Megan Madison of Chester, Virginia is a senior politics and music major at Converse College, and she serves as the Student Body President. A four-year member of the Converse Model Arab League delegation, she has won awards as a debater and chair, and she presently serves as the head delegate of the Converse team as well as the Secretary-General of the National Model NATO.
The following interview conducted by Nick DeRatto was published in the Chesterfield, Virginia “Village News,” August 27, 2008. A few minor factual errors were corrected in this reprinting. At the end of the article, Ms. Madison’s addendum expands upon the experience.
A guard tower stands starkly against the crisp, blue sky, looking out over the barbed-wire lined brick wall dividing Palestine and Israel. Below, dozens of people patiently wait to pass through one of many checkpoints as they make their way to work, winding between the chain link fences like cattle in a chute. What would garnish complaints and protests if taking place here draws barely a murmur of dissent, and not just because of the watchful eyes of armed guards. For those stuck within the Israeli-Palestinian conflict, it’s just a way of life.
Media coverage offers only the barest glimpse of a conflict that has raged for decades, lighting upon only one or two threads of a vast blanket of issues. The only way to truly understand the currents raging underneath this sea of unrest is to visit the region, meet with the people there, and experience a slice of their daily lives.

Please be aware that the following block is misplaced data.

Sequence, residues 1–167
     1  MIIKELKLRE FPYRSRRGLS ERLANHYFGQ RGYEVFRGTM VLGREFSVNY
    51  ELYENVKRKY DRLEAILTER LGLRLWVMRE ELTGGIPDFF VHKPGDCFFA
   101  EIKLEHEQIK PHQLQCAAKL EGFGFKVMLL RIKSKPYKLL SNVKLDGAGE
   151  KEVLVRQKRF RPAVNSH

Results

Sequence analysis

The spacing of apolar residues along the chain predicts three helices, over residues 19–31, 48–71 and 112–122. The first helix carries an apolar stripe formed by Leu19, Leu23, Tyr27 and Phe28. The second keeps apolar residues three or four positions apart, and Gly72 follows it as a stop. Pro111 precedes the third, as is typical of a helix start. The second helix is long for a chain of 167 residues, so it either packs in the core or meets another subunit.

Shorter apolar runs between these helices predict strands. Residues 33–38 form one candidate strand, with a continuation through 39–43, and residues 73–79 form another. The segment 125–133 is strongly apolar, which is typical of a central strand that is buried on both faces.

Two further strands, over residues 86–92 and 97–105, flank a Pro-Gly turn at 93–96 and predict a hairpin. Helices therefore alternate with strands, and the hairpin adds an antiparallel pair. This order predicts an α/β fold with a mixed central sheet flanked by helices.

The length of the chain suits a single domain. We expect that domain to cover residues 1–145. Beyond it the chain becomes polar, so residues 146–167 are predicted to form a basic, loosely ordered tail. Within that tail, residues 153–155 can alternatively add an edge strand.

A senior and head delegate of the Model Programs at Converse College (Spartanburg, S.C.) Megan Madison did just that as she received one of only a few scholarships to participate in the International Program from July 6 to August 7 at Galillee College in Israel. Madison lived in a Jewish commune in Kibbutz Mizra to get a first-hand look at the conflict.
“It’s a very complex issue. You can’t just divide it into two sides. What we see here in the media is just the Israelis and Palestinians, but there is so much more than that,” says Madison. “There are Zionists who believe the land is only for them, ultra-orthodox religious settlers, ultra-orthodox settlers who are against Zionism, economic settlers who are completely secular, militant Islamic movements, Palestinian refugees, Israeli Arabs, Palestinian Muslims against Palestinian Christians, IDF Soldiers, Hamas, Fatah, and suicide bombers.”
Majoring in politics and music, Madison first became interested in the Middle East while still in high school. There, her Spanish teacher, Khadijah Luqman, taught the class that language was more about passing tests and knowing how to talk to people; it’s about breaking down cultural barriers and understanding the world, a lesson that resonated with Madison. Last year, she received her first taste of what that meant as she spent part of her summer studying Arabic in Morocco. However, nothing truly prepared her for her trip to Israel.
“It was so emotionally draining, especially towards the end,” says Madison. “In every class, another layer was added; it became really heavy. You feel almost helpless because you want to do something, but you realize that you have to be in a certain position to be able to help in that capacity.”
Not content with just the classroom experience, Madison organ